Oracle to leave GSA schedule: A signal of broader change?

Oracle is leaving the General Services Administration’s schedules program. It’s not going to just stop selling directly through the IT schedule, but the software giant will no longer use third-party resellers either, according to multiple sources.

Let that sink in for a second. One of the largest software vendors in the world is telling GSA, thanks, but we can live without you.

Sources said Oracle decided the GSA schedules just weren’t worth the hassle any longer — the compliance requirements, the potential and real threats of False Claims Act lawsuits and the new Transactional Data Reporting (TDR) rule, all played into this decision.

Online Chat: Beth Killoran, deputy assistant secretary for Information Technology and chief information officer at HHS, on March 28.

“The federal market is a very small chunk of their business and while it seems big for us, when you look at someone like Oracle’s overall business, they have to expend an exorbitant amount of resources for little payoff,” said Jennifer Aubel, a principal with Aronson Consulting, who said she wasn’t familiar with Oracle’s decision. “With the TDR and even with not having to do price reduction clause reporting, a company like Oracle would still have to do monthly reporting and there is a lot of concerns, including how GSA will keep the data secure.”

Oracle made $38.2 billion worldwide in 2015. Its direct sales to the federal government were $60.8 million in 2015, according to USASpending.gov. Even if it made just over $2 billion in federal revenue through its resellers, the federal market accounts for about 6 percent of Oracle’s total revenue. And disengaging from GSA doesn’t mean Oracle can’t sell through other contracts, such as the Army’s CHESS or through enterprise software agreements with the Defense Department.

Oracle’s decision not to sell directly off the schedule or through resellers isn’t a big deal on the surface as the company hasn’t had any direct sales since fiscal 2012 when it sold $298 million through Schedule 70. But its decision not to use resellers, such as Mythics or DLT Solutions or others, could be a signal of things to come for many other global IT companies.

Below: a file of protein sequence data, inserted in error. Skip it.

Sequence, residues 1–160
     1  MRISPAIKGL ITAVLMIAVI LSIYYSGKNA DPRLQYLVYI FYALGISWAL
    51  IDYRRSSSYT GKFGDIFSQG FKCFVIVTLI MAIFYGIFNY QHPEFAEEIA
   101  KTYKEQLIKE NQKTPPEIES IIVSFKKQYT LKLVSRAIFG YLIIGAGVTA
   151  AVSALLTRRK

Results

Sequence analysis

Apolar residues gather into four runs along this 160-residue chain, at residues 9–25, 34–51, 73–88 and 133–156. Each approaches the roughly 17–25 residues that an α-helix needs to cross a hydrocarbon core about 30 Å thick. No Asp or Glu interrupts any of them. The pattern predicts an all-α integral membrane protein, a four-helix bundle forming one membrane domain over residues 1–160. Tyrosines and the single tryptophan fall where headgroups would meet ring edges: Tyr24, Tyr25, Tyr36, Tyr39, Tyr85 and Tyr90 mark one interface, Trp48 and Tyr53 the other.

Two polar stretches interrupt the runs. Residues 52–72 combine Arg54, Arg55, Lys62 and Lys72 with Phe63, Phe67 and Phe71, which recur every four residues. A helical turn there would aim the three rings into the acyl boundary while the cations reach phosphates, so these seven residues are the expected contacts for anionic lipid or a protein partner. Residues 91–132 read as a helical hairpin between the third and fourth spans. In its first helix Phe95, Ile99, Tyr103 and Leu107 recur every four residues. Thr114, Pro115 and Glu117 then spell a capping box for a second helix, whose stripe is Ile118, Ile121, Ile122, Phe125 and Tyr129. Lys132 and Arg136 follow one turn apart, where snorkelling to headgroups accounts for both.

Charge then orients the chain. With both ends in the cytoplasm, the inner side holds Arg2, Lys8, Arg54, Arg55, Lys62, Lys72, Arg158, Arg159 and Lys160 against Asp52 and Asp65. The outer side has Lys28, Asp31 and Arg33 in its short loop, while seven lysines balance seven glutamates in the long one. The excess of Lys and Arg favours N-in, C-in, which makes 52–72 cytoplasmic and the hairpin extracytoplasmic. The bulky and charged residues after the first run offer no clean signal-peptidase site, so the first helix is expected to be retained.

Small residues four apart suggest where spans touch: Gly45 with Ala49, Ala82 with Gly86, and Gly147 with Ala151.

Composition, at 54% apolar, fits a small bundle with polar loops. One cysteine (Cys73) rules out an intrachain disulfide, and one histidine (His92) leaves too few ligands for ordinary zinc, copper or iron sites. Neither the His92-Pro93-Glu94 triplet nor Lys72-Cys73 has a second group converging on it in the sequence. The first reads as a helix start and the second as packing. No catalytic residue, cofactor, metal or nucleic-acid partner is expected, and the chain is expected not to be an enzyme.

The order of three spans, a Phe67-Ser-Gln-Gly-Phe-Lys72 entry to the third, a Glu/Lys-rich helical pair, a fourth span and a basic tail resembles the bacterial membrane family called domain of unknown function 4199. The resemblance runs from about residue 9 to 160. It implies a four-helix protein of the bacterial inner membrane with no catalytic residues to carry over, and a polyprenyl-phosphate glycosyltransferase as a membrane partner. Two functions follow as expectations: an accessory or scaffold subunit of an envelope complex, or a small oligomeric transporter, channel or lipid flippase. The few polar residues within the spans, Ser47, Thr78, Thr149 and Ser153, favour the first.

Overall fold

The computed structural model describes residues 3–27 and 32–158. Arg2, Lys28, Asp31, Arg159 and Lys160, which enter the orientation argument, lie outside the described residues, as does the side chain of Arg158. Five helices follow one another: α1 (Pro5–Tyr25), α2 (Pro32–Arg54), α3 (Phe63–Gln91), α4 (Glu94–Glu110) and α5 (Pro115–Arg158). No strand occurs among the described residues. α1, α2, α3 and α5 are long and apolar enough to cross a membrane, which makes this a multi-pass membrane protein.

Top five federal market resellers

The top five resellers, Mythics, DLT Solutions, Immix Group, Carahsoft and CDW-G, in no particular order, accounted for $1.7 billion in sales on Schedule 70 last year — about 11 percent of all spending, said Aubel.

While Aubel and other experts were unaware of Oracle’s reasons or plans, they say several large contractors are trying to limit their risk through the GSA schedules, and seeing a company such as Oracle totally drop off of GSA’s multiple award contracts could create a snowball effect of sorts.

Several sources said large vendors are growing weary of fending off lawsuits from the Justice Department on behalf of GSA over real or perceived violations of the price reduction clause and the False Claims Act.

Just look at what Oracle has been up against — over the past decade the company has paid $350 million to settle FCA complaints, including a $200 million fine in October 2011. Around the time of one of the largest FCA settlements, GSA also canceled Oracle’s professional services schedule contract, creating an even more contentious relationship between the two.

Sources said the final straw for Oracle — and potentially many other companies — may have been the 2015 FCA case where VMWare and Carahsoft agreed to pay $75.5 million to resolve allegations that it misrepresented their commercial pricing practices and overcharged the government on VMware software products and related services under the GSA schedule.

Aubel said this case showed resellers no longer shield their partner companies from potential damages.

One industry source added several large businesses actively downplay the use of the schedules to their government customers.

“We clearly did whatever we could to minimize revenue on GSA schedules,” said one industry source, who requested anonymity because they still do business in the federal market. “There are a lot of other great contracts out here and  they don’t sue the people who use their contracts. Why do business with somebody who is litigious when you have 10 other choices that aren’t? It comes down to that simple question.”

The source said their former company minimized revenue to stay off of GSA’s radar and minimize risk.

“We looked at it this as serious extortion because GSA and Justice looked at our deep pockets,” the source said. “Why is Justice suing a lot of these large GSA contract holders? How come none of other contracts sue the companies they do business with?”

Army of lawyers to fend off lawsuits

In 2015, DoJ said it recovered $1.1 billion from government contractors through False Claims Act lawsuits out of a total of $3.5 billion in recoveries. Since 2009, Justice said it recovered $26.4 billion through the FCA.

The source said at their former company they paid massive legal bills to fend off Justice litigators.